Diabetes costs the state billions each year

As the number of people with diabetes increases, so does the financial impact of the disease to the state.

Diabetes in Washington led to direct medical costs of $3.75 billion in 2012, according to the state department of health.

A significant portion of the money is spent through the Public Employees Benefit Board – which manages insurance coverage for state employees, retirees and their dependents – and Medicaid, which provides medical coverage for low-income residents.

Those costs are expected to soar to $5.39 billion (in 2012 dollars) in 10 years, according to the state health department.

The percentage of adults with diabetes has nearly doubled in Washington since the early ‘90s, according to the health department.

Currently, more than 640,000 Washington residents have diabetes (about 1 in 8 people); more than a quarter of them aren’t aware they have the disease.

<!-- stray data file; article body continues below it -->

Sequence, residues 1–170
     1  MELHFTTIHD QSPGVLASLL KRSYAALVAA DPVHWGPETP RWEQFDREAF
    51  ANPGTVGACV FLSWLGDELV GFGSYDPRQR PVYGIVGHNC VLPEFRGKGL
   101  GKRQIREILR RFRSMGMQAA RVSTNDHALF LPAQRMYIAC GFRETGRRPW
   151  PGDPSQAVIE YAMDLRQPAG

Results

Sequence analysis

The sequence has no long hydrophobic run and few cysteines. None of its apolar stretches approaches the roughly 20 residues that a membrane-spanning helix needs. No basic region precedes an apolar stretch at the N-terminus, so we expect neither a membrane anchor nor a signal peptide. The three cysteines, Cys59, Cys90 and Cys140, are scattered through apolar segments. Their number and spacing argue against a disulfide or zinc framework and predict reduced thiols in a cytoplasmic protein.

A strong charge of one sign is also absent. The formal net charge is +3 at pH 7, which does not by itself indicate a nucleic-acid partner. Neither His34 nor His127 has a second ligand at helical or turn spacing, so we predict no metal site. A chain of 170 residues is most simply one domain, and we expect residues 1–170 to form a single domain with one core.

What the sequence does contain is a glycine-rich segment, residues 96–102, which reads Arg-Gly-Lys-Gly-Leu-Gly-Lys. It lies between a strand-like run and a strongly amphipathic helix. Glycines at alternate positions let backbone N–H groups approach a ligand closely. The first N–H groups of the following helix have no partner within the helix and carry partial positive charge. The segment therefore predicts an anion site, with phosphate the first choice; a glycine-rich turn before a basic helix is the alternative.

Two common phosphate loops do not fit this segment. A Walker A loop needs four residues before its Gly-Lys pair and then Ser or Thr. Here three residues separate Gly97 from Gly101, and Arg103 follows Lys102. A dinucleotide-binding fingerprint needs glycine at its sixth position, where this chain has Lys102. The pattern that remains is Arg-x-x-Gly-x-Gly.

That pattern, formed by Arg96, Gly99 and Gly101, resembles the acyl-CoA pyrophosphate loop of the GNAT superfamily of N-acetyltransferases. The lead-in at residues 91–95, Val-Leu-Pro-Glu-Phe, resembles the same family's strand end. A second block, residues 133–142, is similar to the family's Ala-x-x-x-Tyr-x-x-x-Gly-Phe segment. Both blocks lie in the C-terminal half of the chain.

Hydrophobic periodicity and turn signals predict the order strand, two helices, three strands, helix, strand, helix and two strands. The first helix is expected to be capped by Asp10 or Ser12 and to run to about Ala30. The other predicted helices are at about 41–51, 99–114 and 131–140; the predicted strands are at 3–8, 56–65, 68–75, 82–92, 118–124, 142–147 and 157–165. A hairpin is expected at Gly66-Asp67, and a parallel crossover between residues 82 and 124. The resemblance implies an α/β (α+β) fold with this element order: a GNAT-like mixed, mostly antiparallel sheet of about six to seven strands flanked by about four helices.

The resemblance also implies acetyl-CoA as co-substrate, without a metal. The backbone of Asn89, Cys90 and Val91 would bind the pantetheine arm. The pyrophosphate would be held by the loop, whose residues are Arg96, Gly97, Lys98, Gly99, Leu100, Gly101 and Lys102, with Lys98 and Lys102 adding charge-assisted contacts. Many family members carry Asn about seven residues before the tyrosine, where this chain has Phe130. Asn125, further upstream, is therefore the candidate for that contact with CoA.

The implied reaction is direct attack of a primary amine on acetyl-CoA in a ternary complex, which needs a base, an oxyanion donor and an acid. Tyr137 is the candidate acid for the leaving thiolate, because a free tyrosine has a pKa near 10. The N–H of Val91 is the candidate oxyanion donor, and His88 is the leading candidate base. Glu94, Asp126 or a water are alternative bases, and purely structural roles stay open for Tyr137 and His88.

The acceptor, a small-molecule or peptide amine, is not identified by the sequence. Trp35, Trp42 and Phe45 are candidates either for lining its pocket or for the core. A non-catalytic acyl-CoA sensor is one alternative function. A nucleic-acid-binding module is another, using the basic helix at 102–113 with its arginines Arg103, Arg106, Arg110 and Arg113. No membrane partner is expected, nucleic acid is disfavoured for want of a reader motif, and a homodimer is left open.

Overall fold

In addition, nearly 2 million more people in the state have prediabetes, which means they have elevated blood-sugar levels but haven’t yet reached the point of a diabetes diagnosis.

Nearly 95 percent of all diabetes cases are Type 2, which is affected by weight, physical activity, blood pressure, cholesterol and smoking.

Marissa Harshman

Marissa Harshman

I'm the health reporter for The Columbian newspaper in Vancouver, Wash. I started at The Columbian -- my hometown newspaper -- in September 2009. Reach me at marissa.harshman@columbian.com or 360-735-4546.

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